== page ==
Group heads and shower screens
During service, clean group heads and shower screens periodically. This is easy to do with a group head brush. Run some water and give the seal a scrub with the brush to loosen built-up coffee mess. Then, use a blind filter and backflush with water. Put the blind filter into one of the group handles, wrap a cloth around the handle to protect your hands from hot water burns, and hold the handle in the group head but don’t lock it. Leave it loose and activate the water so it flushes up around the shower screen and rubber seal inside. Wiggle the handle slightly to ensure all the mess washes out and do this until the water is running clear.
Water backflushing should be done hourly throughout the day (depending on how busy you are).
At the end of the day, start by water backflushing each head before backflushing with cleaner. Avoid using excess cleaner; put about half a tablespoon of cleaner into the blind filter and drop some hot water on it so it begins to dissolve. Carefully lock this into the group head and let it soak for a minute. This process loosens up any oils on or above the shower screen (and saves you always having to remove them).
After a minute, turn the water on and allow it to build pressure for 10 seconds, then turn it off for 10 seconds. No water should be coming out of the head at this point, it should all be pushed back through the pipes of the machine cleaning them as it goes. Repeat five to 10 times, on for 10 seconds, off for 10 seconds.
Next, slide the handle out and you’ll see some of the mess you’ve just loosened from the group head. Rinse this and any residual cleaner off the handle thoroughly, give a quick water flush around the seal to get the cleaner out of there also and then do a final water backflush to clear the cleaner out of the internal pipes. Lock the handle in and turn the water on for five seconds and off for one second (water flushes out much faster). Repeat five to 10 times. This is equally important because residual cleaner will taint the pipes in the same way residual coffee oils will.
After the water rinse the group head should be squeaky clean, ready for tomorrow’s service.
If you prefer to remove shower screens and diffuser heads for cleaning get advice from your machine manufacturer or technician first, because every machine is different and some can be tricky.
Group handles and baskets
To keep group handles clean remove the baskets and soak the handle and baskets in hot water with a scoop of cleaner. (Don’t submerge the black part of the handle in the cleaner as this will slowly ruin the handle.) Soak for 10 to 20 minutes then rinse thoroughly.
But that’s not all… the cleaner only loosens the oils, it doesn’t remove them entirely. Give the handles a good scrub with a green scourer to get the oils off or they’ll just dry there again. The inside of group handles should be a polished yellow or silver colour (unless you have Teflon-coated handles).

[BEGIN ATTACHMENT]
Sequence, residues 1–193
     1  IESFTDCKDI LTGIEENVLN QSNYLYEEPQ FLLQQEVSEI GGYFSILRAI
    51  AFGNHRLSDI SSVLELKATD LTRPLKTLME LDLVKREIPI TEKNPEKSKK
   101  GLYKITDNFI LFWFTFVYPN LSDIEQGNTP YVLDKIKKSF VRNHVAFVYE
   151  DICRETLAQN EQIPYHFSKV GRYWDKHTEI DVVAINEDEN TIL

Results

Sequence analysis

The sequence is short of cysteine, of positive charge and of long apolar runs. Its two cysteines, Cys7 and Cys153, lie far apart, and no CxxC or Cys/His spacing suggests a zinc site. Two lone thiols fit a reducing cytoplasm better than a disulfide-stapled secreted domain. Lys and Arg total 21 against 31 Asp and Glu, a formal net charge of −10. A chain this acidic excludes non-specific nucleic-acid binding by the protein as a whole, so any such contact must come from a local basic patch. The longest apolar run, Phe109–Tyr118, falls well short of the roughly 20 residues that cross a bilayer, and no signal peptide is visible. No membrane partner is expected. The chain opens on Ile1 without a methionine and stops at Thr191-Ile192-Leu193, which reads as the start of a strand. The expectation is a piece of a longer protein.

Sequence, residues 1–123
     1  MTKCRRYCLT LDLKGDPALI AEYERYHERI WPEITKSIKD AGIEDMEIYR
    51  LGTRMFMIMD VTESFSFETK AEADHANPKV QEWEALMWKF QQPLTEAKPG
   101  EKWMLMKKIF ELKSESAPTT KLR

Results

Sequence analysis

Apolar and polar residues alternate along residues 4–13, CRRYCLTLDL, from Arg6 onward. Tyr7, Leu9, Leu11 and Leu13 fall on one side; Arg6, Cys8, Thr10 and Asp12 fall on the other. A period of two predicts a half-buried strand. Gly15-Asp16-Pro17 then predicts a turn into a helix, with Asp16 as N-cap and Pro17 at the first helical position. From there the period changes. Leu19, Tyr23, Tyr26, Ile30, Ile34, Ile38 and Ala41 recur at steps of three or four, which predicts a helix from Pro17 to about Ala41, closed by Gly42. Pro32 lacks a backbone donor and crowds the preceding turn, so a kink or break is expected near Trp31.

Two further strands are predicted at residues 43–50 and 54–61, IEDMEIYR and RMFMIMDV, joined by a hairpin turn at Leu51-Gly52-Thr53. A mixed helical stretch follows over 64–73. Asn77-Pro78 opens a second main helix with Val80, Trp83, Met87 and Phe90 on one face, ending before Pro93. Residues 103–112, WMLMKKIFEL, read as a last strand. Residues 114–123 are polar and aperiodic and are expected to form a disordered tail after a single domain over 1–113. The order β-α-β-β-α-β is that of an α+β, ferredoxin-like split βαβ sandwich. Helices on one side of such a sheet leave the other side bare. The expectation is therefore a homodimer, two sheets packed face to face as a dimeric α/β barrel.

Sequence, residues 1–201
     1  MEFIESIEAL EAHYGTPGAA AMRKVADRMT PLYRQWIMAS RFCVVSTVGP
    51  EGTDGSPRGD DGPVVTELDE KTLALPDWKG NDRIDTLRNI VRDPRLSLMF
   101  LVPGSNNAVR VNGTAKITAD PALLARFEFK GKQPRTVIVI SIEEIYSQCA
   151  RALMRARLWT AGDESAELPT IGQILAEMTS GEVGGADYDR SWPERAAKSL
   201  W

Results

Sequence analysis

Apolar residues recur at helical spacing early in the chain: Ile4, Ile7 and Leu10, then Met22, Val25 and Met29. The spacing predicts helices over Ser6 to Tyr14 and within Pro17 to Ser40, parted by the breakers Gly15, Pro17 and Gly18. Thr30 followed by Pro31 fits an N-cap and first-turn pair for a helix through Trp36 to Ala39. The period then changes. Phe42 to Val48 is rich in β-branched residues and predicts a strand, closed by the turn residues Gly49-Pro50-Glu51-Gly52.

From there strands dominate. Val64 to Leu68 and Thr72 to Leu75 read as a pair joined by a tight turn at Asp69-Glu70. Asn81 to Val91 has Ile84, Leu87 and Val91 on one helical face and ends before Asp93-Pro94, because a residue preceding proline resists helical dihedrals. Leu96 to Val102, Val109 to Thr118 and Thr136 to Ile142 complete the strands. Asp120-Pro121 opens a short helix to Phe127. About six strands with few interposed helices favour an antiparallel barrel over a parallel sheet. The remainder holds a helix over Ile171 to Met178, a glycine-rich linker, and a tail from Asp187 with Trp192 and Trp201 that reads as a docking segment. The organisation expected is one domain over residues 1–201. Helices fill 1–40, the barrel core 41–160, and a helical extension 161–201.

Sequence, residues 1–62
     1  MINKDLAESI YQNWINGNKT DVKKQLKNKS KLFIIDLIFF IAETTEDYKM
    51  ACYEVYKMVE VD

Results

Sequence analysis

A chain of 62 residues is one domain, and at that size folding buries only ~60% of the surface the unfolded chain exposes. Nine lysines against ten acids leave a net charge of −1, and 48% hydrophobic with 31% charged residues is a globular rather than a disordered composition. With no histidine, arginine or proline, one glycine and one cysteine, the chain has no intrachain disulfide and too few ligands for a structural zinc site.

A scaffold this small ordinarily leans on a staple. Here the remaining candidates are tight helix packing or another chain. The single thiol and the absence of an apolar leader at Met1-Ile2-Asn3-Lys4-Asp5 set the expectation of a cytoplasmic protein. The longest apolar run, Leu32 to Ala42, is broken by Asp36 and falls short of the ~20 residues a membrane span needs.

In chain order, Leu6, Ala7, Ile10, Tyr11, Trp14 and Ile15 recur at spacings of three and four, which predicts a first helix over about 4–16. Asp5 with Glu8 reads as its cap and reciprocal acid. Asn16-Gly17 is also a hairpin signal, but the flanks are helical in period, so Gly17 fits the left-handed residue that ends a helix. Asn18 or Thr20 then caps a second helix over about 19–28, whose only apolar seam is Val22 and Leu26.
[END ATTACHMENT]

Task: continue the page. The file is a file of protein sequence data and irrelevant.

Run the beans low toward the end of the day. You don’t want to leave beans in the hopper overnight because they’ll go stale and throwing them away is costly and wasteful. Empty your grinder hopper and grind out anything left in between the blades.
Use a paper towel (dampen if need be) to wipe out the hopper. Soapy water shouldn’t be necessary unless your hopper is really dirty, which, if cleaned every day, won’t happen.
Once the hopper is empty and clean, use a brush to get rid of any loose grind inside the dosing chamber and around the base, then reassemble.
Every surface the milk touches is just as important.
You should never see anything but stainless steel inside your milk jugs. Any yellow or white build-up is milk that has gone crusty and is breeding bacteria which is a serious hygiene risk to you and your customers. Rinse with water regularly during the day and don’t leave leftover milk sitting in milk jugs because it dries up and sticks to the walls. Scrub them with a strong green scourer at least once every day and focus on the spout and curves that might be hard to get to.
If they are quite dirty you can soak them in hot water with a dash of bleach to loosen any build-up so you can scrub it off, and maybe use steel wool instead of a scourer.
At the end of the day, steam arms should look the same as they did at the beginning. Don’t make a habit of letting steam arms build up with milk mess then clean it all at the end of the day. Aside from the hygiene risk of having milk build-up stuck to a warm environment where bacteria thrives, this will also cause blocks inside your steam arm and will drop the steam pressure too.
Make a habit of having a designated cloth for the steam arm. Purge some steam before and after every jug of milk and wipe with your designated cloth. This will keep the steam arm clean all day, meaning no additional cleaning is needed at the end of the day.
If there is build up on your steam arm don’t soak the steam tip in hot water. There is potential for water to be sucked back up into the boiler contaminating the water there, which is a much bigger job to fix. Instead, wrap the steam tip in a damp cloth and turn the steam on. Leave it going for 30 seconds or so to let the cloth get very hot and soften the build-up. Turn off the steam and remove the cloth very carefully. Now try wiping the build-up off and repeat as necessary if it’s not entirely clean yet. But again, purging and wiping every time you heat milk is the best way to keep this clean and working at its optimum.
Now, with a squeaky clean machine you can enjoy a well-earned beer knowing that your espressos will be tasting great tomorrow morning.
Source: Bean Scene Magazine July 2014